Saturday, November 13, 2010

My mind is BLOWN.

So, as I said before, I have pretty much zero time to cook this semester. And when I do have time, chances are I'm way too exhausted or drained to actually cook something worth blogging about. However, as this is a food blog, I feel okay writing about food in a totally not-cooking way.

Today at the grocery store, I was debating between cooking something for dinner or just eating brie on french bread and some apples--the latter option won out by far. But while I was thinking about what I might cook, and vegetables, I was looking at the asparagus and artichokes. These are, hands-down, my favorite vegetables ever. They're both super delicious, and anyone who thinks differently is crazy.

So I get home, and I'm talking to one of my friends about asparagus, and I mention that it's my favorite vegetable. Of course, I then had to stop and say, wait, no, artichokes too. Both of them. I started thinking about them and how similar they are. The way the leafy part at the top looks, for example, and the way the stem has coarse stringy things on the outside with tender vegetableness on the inside. They have to be related, right?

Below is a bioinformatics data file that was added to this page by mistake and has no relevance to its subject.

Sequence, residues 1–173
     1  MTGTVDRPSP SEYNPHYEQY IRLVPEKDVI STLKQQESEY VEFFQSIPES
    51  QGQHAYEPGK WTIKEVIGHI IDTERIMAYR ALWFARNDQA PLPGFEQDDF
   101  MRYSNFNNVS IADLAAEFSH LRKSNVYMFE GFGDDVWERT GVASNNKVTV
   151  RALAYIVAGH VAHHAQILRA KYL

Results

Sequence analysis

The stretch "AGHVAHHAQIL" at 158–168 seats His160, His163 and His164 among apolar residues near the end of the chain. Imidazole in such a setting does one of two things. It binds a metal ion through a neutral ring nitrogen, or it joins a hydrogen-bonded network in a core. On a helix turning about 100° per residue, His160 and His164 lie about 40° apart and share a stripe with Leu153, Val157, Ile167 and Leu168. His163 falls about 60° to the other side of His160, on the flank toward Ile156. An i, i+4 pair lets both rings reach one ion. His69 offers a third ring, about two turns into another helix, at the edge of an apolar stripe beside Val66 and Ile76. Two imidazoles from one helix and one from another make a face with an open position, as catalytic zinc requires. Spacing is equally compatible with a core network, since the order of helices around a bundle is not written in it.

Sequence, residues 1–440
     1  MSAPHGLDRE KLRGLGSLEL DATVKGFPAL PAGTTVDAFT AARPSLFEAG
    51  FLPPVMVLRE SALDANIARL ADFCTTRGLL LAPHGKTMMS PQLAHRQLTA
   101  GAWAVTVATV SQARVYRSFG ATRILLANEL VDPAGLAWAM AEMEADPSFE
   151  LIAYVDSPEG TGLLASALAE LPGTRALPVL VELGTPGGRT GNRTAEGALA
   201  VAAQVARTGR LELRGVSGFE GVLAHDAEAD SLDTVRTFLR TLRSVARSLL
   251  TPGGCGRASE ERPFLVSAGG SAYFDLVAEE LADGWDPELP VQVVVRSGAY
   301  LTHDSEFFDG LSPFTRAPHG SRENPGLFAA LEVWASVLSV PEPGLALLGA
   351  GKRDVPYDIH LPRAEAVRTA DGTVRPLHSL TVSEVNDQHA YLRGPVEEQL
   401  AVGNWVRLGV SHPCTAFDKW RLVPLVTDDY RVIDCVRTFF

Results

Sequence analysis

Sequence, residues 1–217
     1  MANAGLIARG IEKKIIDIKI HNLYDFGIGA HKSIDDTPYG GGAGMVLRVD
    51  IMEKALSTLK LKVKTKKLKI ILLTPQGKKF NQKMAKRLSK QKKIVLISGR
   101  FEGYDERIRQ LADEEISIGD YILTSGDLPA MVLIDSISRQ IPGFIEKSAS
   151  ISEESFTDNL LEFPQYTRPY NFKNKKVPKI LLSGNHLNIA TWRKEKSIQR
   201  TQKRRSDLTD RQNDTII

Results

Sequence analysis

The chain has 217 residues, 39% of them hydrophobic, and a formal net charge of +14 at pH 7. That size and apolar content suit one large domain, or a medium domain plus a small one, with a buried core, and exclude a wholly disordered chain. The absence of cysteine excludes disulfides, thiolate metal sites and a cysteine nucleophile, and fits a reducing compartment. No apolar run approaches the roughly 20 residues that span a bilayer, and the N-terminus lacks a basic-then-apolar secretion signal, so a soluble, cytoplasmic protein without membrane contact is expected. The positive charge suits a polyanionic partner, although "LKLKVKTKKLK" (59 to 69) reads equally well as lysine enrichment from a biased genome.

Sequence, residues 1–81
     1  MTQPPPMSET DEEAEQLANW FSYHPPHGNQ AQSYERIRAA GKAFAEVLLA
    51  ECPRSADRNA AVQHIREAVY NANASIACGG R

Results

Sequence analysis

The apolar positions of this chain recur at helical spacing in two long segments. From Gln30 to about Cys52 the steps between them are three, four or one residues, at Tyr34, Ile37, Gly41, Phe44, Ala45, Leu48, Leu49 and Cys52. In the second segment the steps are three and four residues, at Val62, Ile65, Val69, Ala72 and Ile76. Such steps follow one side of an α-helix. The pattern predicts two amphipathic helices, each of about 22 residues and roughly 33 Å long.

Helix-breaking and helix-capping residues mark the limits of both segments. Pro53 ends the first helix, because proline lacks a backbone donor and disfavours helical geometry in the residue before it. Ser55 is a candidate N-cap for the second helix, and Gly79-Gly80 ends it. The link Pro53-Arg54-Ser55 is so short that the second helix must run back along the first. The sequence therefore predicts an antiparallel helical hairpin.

Artichokes growing (via)

Asparagus growing (via)

They even grow the same way! I mean, the artichokes have a lot more leaves, yeah, but they both grow in a big stalk with layered leaf-like things at the top. I decided that it was about time I figured out just how closely related they are. You remember the whole Kingdom-Phylum-Class-Order-Family-Genus-Species thing from biology, right? It's okay if you don't, really, because I just listed them.